Not only will your back thank you but unless you're using some really small panniers then you could carry more in 2 panniers than you could with a standard backpack or messenger bag.

Since the votes for panniers over backpacks are piling up, If you do get a set, spend the extra money on a decent set of panniers. You'll be glad you did. I personally like Axiom Panniers but Jandd, Ortileb and Lone Peak are good also.
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Old 12-04-10, 02:04 PM
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I like panniers too, and I second the recommendation for Ortliebs if you can afford them. If you order from The Touring Store.com, talk with Wayne if you need help choosing. He's never steered me wrong. Anyway, Ortliebs are genuinely waterproof. I like the mounting system too, although I like Arkel's better.

Hey, wait a minute!

Arkel makes a three different models of convertible backpack panniers. Best of both worlds.
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Old 12-04-10, 03:22 PM
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I have both. One bike has a rack the other does not. The bike with the rack I bungee my backpack to the rack. To make it waterproof I cover it with a garbage bag. However in Seattle it would seem wiser to have a waterproof back pack because it rains a lot more there than here.

I also have panniers. I don't use them that often because it seems easier to carry my backpack. If you do plan on carrying groceries then panniers would be easier. Nashbar has some waterproof ones on sale right now. A lot of their house products work really well. The also have a backpack that can attach to a rack.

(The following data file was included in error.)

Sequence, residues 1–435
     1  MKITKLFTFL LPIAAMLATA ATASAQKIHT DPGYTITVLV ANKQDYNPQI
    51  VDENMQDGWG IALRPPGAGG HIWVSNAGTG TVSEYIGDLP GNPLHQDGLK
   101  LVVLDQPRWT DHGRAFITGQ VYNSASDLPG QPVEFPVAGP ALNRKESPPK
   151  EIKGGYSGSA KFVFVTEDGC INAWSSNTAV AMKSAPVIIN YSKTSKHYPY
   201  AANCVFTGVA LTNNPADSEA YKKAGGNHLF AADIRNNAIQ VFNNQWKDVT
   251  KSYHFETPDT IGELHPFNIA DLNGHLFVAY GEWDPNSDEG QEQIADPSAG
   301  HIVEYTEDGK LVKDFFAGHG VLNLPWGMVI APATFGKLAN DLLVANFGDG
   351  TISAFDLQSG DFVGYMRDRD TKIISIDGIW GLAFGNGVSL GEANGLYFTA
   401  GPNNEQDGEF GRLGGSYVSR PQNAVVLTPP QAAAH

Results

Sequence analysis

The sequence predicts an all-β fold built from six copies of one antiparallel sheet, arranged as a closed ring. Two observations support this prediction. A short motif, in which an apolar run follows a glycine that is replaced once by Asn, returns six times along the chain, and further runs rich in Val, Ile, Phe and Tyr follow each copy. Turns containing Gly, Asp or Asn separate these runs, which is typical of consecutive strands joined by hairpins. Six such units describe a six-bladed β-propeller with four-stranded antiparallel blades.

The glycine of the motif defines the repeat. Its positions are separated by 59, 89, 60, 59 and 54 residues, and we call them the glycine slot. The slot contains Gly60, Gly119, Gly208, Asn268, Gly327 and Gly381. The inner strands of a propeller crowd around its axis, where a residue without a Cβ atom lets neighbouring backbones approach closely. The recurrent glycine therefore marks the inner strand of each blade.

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Old 12-04-10, 03:37 PM
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Another note to not cheap out on the panniers. I bought a really cheap set of M-wave panniers for like 20 bucks shipped. They will more or less get the job done, but they mount with straps vs. clips (most higher end panniers clip on to racks) and when I had mine on the bike, they would often go out of adjustment and eventually, the weight pulled them into the spokes and tore the back panel off of the bags. It sucked.

I went and got some LG bags on a really good clearance deal, but they are on sale for 75 bucks here:

https://www.performancebike.com/bikes/ProductDisplay?storeId=10052&langId=-1&catalogId=10551&productId=1091739&cm_mmc=$%28referrer%29$-_-E-Stores-_-LOUIS%20GARNEAU-_-40-4615&CSE=GooglePS&mr:trackingCode=74AEA58D-1DCA-DF11-98FF-0019B9C043EB&mr:referralID=NA